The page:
parents

                    Sure, we’re good with kids. But did you know we’re also good with older individuals? We know the uncharted ways to get by with stubborn, older patients. All you have to do is introduce us to your parents and by the end of the day we’ll practically be best friends forever.

                    10. We appreciate even the tiniest things

                    appreciative

                      A simple ‘thank you’ means the world to us. That’s how appreciative we are for the little things. We give 200% percent every day to our patients and expect nothing in return. A kind gesture can make our day. You don’t have to buy us fancy gifts or take us on luxury dates; it’s the simple things matter to us.

                      To all those individuals we are currently dating or married to, thanks for appreciating how awesome it is to have a nurse as your better half. For those of you still looking for that special someone, maybe it’s time to fake an accident.

                      Featured photo credit: Sharp Healthcare via flickr.com

                      More by this author

                      Jane Dizon

                      Nurse, Ninja Mom, Digital Marketing Specialist and Writer

                      Struggling with What to Eat Tonight? Here are 20 Quick and Healthy Dinner Recipes For You To Choose! 5 Easy Home Improvement Ideas Approved by an Expert Home Renovator A Touching Story of a Daughter on Her Battle To Save Her Father’s Life 10 Most Horrific Cases of Foreign Bodies Left Inside A Patient 15 Must-Have Apps and Tools Every Freelancer Should Use To Maximize Work

                      Trending in Communication

                      1The Gentle Art of Saying No 217 Ted Talks for Kids to Inspire Little Minds to Do Big Things 310 Toxic Persons You Should Just Get Rid Of 4Striving Towards Secure Attachment: How to Restructure Your Thoughts 5Being Self Aware Is the Key to Success: How to Boost Self Awareness

                      Read Next

                      Advertising
                      Advertising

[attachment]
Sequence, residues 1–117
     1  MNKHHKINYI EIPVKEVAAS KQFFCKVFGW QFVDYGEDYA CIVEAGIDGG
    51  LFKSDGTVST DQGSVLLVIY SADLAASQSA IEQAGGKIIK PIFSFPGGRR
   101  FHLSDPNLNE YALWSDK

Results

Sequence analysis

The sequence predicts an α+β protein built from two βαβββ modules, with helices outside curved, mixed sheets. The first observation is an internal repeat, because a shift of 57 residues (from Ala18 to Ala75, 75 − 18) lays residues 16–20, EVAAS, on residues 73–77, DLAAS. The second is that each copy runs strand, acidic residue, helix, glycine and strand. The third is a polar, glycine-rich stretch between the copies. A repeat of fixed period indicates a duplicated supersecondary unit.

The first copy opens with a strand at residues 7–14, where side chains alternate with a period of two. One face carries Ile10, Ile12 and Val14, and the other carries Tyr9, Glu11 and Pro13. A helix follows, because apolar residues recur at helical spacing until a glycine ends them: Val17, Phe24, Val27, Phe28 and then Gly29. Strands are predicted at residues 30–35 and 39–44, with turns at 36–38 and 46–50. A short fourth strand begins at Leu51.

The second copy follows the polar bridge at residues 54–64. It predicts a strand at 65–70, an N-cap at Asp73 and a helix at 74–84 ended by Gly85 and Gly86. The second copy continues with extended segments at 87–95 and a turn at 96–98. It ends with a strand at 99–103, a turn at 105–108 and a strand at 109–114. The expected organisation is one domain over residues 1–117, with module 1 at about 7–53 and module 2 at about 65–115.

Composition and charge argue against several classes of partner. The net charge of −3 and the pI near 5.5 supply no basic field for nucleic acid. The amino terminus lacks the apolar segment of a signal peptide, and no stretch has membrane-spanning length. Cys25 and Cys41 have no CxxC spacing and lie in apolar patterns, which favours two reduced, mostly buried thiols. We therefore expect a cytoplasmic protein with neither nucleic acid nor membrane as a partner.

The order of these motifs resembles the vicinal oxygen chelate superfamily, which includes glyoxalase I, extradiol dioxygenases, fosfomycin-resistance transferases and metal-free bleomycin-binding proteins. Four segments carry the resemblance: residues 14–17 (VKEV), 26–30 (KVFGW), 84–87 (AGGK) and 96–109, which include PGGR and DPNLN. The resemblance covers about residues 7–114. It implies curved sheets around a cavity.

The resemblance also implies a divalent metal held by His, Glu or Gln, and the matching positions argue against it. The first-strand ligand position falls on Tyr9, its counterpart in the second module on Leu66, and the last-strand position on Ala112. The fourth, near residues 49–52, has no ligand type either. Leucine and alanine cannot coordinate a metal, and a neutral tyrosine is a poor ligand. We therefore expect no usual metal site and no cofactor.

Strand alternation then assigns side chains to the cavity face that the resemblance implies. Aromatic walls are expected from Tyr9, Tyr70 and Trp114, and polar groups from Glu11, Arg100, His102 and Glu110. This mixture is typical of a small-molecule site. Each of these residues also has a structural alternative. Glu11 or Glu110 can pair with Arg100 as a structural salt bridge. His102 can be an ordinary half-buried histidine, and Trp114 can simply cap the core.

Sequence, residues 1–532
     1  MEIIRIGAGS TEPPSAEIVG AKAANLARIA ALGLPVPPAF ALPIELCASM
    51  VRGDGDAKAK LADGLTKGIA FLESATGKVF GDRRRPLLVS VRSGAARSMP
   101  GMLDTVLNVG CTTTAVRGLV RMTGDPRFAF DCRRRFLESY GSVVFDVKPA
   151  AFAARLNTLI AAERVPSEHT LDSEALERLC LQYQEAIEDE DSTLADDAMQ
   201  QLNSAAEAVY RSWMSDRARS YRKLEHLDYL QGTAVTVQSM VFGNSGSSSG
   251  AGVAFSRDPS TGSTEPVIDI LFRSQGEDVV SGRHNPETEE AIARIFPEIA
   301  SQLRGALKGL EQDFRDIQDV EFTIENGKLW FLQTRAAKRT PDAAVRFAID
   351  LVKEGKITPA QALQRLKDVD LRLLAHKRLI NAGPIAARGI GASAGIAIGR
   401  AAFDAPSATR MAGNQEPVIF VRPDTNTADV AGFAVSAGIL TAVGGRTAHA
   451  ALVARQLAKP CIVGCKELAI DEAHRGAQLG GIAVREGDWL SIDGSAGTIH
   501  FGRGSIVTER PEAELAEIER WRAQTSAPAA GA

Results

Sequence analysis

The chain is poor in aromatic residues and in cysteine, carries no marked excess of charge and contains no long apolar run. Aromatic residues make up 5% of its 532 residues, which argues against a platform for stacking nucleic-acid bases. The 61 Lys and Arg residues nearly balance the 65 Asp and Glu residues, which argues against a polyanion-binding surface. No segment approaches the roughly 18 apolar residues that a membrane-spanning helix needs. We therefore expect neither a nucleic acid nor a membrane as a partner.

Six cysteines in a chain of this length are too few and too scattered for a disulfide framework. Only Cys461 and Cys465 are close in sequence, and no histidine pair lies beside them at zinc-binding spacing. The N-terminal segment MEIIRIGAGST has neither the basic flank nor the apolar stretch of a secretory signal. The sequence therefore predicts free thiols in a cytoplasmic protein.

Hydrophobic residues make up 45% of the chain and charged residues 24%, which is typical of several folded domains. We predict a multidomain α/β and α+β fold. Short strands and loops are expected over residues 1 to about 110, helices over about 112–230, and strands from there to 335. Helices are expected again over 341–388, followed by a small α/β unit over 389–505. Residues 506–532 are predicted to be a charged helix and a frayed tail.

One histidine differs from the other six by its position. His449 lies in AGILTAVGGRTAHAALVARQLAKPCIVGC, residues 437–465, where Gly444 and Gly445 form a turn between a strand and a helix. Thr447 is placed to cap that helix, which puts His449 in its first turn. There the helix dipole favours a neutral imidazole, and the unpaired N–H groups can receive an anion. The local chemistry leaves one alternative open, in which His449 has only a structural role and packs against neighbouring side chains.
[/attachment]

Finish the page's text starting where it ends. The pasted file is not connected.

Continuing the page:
The Gentle Art of Saying No

                      The Gentle Art of Saying No

                      No!

                      It’s a simple fact that you can never be productive if you take on too many commitments — you simply spread yourself too thin and will not be able to get anything done, at least not well or on time.

                      Advertising

                      But requests for your time are coming in all the time — through phone, email, IM or in person. To stay productive, and minimize stress, you have to learn the Gentle Art of Saying No — an art that many people have problems with.

                      Advertising

                      What’s so hard about saying no? Well, to start with, it can hurt, anger or disappoint the person you’re saying “no” to, and that’s not usually a fun task. Second, if you hope to work with that person in the future, you’ll want to continue to have a good relationship with that person, and saying “no” in the wrong way can jeopardize that.

                      Advertising

                      But it doesn’t have to be difficult or hard on your relationship. Here are the Top 10 tips for learning the Gentle Art of Saying No:

                      1. Value your time. Know your commitments, and how valuable your precious time is. Then, when someone asks you to dedicate some of your time to a new commitment, you’ll know that you simply cannot do it. And tell them that: “I just can’t right now … my plate is overloaded as it is.”